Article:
Arroceros Forest Park - Atlas Obscura

Arroceros Forest Park

Known as Manila's "last lung," this park used to house a market, garrison, and various government buildings. 


Dubbed as the last lung of Manila, the 5.4-acre Arroceros Forest Park had long been a battleground between the city government and pro-environment organizations before becoming a modern oasis today. 

During Spanish colonial rule, the park area was part of the parián or market of Manila. Later in the 19th century, a tobacco factory, known as Fabrica de Arroceros, occupied the site. During the Philippine Revolution in 1896, the park area became a contested battleground zone. Philippine and U.S. forces controlled everywhere in the city except for the small Intramuros, a centuries-old historic district in the city and Spain’s last hold-out.

In 1898, the United States purchased the Philippine archipelago for $20 million from Spain. During U.S. control of the archipelago, a military garrison was set up on the park site. When the Philippines finally secured independence from the United States in 1946, the garrison was repurposed into the Department of Education’s headquarters.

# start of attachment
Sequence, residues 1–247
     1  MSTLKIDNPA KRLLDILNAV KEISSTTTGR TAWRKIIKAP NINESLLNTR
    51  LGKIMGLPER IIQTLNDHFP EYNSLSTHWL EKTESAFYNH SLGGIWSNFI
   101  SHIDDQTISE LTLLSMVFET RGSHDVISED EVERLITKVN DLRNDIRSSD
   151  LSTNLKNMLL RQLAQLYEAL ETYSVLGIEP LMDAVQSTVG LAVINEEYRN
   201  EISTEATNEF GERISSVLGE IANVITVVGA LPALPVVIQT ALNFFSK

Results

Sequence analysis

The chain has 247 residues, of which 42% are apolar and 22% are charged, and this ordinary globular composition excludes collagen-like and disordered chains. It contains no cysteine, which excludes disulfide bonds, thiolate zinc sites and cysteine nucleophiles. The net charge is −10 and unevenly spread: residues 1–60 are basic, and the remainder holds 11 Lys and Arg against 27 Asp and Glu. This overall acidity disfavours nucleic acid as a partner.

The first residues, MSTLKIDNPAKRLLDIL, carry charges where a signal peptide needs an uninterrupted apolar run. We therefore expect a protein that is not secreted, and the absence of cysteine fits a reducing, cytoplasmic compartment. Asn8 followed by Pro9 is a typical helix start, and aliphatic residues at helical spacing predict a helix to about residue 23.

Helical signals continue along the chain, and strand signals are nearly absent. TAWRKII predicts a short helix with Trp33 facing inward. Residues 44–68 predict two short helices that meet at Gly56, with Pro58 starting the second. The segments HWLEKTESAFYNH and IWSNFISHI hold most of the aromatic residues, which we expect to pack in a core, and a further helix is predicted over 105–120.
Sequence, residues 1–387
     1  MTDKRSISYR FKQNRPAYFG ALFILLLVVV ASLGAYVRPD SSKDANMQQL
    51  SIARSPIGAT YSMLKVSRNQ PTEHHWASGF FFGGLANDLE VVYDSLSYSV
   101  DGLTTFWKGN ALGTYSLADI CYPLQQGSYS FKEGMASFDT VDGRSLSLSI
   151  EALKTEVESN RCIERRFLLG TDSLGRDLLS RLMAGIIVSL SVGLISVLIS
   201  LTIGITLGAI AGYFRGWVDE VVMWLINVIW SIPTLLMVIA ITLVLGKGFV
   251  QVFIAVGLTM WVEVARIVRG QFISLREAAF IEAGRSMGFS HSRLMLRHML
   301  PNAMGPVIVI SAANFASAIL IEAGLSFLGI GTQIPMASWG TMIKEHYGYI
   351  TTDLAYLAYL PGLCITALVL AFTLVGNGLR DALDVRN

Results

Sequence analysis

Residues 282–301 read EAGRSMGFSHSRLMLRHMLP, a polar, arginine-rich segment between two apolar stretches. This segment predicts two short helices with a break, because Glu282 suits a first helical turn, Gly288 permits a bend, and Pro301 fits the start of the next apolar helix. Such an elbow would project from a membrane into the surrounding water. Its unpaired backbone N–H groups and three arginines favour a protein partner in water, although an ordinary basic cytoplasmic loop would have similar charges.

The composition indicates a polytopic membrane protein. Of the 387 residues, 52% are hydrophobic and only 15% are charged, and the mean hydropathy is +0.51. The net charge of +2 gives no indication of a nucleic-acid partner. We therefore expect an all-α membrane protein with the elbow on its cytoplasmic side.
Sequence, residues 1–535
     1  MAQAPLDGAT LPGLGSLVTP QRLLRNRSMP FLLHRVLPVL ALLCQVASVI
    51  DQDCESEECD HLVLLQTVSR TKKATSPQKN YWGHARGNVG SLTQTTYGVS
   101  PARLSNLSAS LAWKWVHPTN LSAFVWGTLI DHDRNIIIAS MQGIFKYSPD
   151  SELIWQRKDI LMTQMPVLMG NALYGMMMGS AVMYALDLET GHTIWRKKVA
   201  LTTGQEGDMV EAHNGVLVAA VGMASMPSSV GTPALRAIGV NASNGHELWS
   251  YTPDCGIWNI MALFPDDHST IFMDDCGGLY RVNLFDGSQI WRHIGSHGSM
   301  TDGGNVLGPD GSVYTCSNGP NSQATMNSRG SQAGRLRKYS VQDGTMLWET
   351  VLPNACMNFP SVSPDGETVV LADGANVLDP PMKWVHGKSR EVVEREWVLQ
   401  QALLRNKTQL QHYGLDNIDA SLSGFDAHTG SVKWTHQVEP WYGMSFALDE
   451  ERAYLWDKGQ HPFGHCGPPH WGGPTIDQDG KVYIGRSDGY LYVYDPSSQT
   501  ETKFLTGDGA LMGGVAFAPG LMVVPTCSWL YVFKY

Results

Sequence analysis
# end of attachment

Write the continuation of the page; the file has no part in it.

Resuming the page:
When the Department of Education moved elsewhere, the site’s first park was instated in 1993. Manila government officials developed the park with the help of a private environmental group, the Winner Foundation.

Along with 150 century-old trees that survived World War II, the park now hosts over 3,000 trees, an effort lead by the Manila Seedling Bank.

In 2003, the park was embroiled in another controversy that threatened its existence when then-mayor Lito Atienza wanted to construct a school administration building and teachers’ dormitory on a portion of the park despite protests from conservation groups. The groups claimed that of the 8,000 trees in the park in the year 200, only 2,000 trees remained after the buildings were completed in 2007.

In 2020, then-mayor Francisco Domagoso signed an ordinance declaring the area a permanent forest park. On February 4, 2022, the park re-opened after 5 months of rehabilitation. 

Know Before You Go

The park is easily accessible from the Central Terminal of the LRT 1 line (metropolitan train line). It is less than a five-minute walk from Manila City Hall.

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